[unisog] Password auditing

PaulFM paulfm at me.umn.edu
Fri Jul 1 13:40:23 GMT 2005

The best defense is to make sure that the users that can come in through the 
network are controlled (so new default users can't log in through the 
network).  An added security measure is to change su so it is not suid (in 
other words it is only useful to root) or at least limit who may use the 
program (FreeBSD does this by default).   while you are at it, look at the 
way you mount exported partitions on your servers (they should be mounted 
nosuid, noexec, nodev) - note that those mount options do not affect the 
mount options of clients.

ssh can be configured to allow only users in a group (or list of groups) to 
log in at all (don't forget to include root if you want root to log in with ssh).

Last - instead of copying the shadow file, take an MD5 hash of the password 
and shadow file (after you first check them).  And raise an alert if either 

I think it is a bad idea to act as Uber-admin on a machine you don't manage 
(it will actually cost you more time then just taking over full 
administration of the machine).
Segregate those machines so they can't damage the managed machines, and do 
what you can to make the network secure (maybe block incoming connections to 
unmanaged machines, and force people to come into your network through a 
managed machine).

User's will always find a way to create a bad password, the only way to get 
them to create good ones is to tell them why a good password is important. 
Tell them the truth, that criminal gangs are working feverishly - not just to 
get their data - but to get access to their machine so they can set up a 
spam-bot and monitor keystrokes so they can get passwords to other machines. 
  That there are several nuts out there whose goal in life is to break into 
as many machines and networks as possible, and they will stop at nothing to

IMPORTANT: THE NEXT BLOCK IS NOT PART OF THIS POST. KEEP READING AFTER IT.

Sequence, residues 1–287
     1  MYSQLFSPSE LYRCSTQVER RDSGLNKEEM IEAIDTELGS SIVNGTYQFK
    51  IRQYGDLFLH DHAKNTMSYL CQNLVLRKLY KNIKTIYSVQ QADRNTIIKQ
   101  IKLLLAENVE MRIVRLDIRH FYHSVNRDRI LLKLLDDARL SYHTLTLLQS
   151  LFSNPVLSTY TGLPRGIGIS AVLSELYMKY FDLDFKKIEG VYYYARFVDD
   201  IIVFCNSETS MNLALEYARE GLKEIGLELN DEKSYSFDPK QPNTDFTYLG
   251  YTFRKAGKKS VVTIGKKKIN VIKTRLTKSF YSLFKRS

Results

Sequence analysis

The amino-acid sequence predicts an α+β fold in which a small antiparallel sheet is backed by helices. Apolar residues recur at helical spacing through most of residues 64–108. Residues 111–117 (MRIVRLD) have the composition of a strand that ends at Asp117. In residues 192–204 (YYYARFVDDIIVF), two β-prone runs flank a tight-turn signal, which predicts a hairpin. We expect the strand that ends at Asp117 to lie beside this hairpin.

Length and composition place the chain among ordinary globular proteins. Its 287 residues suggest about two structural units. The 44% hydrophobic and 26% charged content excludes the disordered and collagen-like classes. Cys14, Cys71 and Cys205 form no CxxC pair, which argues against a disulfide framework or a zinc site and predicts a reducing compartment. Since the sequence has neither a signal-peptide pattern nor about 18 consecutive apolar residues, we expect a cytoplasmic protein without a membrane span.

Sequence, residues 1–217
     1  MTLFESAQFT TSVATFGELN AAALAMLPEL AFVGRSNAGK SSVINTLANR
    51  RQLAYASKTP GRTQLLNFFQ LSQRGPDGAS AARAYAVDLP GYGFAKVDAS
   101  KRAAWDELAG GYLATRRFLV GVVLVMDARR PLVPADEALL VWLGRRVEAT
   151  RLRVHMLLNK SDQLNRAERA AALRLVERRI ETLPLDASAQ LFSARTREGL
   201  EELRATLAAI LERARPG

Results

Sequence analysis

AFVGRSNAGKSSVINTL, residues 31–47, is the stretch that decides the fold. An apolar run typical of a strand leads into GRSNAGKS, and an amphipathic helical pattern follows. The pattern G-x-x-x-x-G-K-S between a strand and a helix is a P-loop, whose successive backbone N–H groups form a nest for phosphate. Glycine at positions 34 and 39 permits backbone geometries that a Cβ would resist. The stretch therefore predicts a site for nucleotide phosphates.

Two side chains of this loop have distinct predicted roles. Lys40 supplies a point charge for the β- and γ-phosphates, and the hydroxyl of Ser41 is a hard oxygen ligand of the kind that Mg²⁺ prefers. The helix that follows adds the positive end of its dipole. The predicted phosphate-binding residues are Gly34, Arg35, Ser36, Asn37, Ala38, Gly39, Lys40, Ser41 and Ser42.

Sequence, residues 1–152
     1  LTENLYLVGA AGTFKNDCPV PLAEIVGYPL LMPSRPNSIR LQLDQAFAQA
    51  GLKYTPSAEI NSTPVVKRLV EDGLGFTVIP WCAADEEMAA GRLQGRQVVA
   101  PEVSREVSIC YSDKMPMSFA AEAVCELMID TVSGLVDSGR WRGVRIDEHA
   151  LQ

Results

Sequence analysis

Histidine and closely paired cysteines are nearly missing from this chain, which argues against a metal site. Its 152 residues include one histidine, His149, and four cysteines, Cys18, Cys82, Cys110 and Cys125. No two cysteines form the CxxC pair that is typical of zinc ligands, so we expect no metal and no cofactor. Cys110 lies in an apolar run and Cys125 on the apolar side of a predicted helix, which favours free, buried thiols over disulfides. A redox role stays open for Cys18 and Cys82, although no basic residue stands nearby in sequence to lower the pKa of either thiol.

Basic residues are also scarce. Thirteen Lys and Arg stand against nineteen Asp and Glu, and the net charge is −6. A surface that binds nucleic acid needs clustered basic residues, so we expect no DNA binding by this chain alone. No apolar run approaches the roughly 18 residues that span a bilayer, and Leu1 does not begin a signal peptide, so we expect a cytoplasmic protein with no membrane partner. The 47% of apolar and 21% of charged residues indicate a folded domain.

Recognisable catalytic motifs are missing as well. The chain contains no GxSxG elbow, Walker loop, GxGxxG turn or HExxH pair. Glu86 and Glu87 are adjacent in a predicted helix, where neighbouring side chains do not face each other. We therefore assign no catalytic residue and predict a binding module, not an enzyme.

achieve their goal.  And that there may be a few jokers in-house who break 
into other peoples accounts (to place the blame on someone else), so they can 
download music (or do other things) without being caught.

Russell Fulton wrote:

> Peter Van Epp wrote:
>>	We tend to attack this problem from the other end (but may be more 
>>centralized than you can be). We have a home grown account management system
>>that pushes the passwords to both LDAP and AD. Password changes take place in
>>the master database (after being run through cracklib, which I don't think
>>is set tough enough and our user support folks think is facist, overly paranoid.
>>unneccessary and a variety of less printable things). I've been told that 
>>somewhere around 6 tries is the average to get an acceptable password which 
>>common wisdom is then gets written on a yellow sticky. 
> we do this too for our central authentication system (and yes we get the same complaints), however there are a fairly large number of systems on campus that don't use this for authentication.  Even if they do use the central system for authentication there are often still a few local accounts (root for one).  The main aim of this is to check any changes that happen to the local system accounts and to alert the admin. 
> This activity was prompted by crackers getting in to a linux server on campus earlier in the week.    The machine was fairly well administered but had some (fairly specialised) third party software installed on it which apparently had installed an account with a default password.  The attackers got in via ssh brute force which had these credentials in the list (we got the attack script from the machine.  The machine was fully patched and (so far as we could tell) the attackers failed to get root although they did try some local exploits.  Don't worry ;)  we wiped the system anyway.
> So yesterday we were sitting around wondering what we could do to defeat this sort of problem.  Yes we all know admins should regularly review the password file -- how many actually do?
> Both Steve and Dave make good points about dictionary based auditing but I worry that that would not have helped in our case earlier in the week.  Dictionary based attacks and defences are only as good as the dictionaries you have access to and unless you can add in what the latest attack tools are using you are going to miss things.
> Hmmm... Dave do you know if anyone collects these lists and colates them?  I've go one hot from the forensics ;)
> "My' way would give you both dictionary based defense and a selectable level of brute force protection as well as alerting the admin to additions and deletions to the user list  but at the cost of fairly intrusive mechanisms (for want of a better term).  
> It may turn out that the best way of doing this is to use a standard integrity checking system to detect changes in the password file and prompt admins the check it.
> Cheers, Russell.
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Paul F. Markfort   Info/Web: http://www.menet.umn.edu/~paulfm

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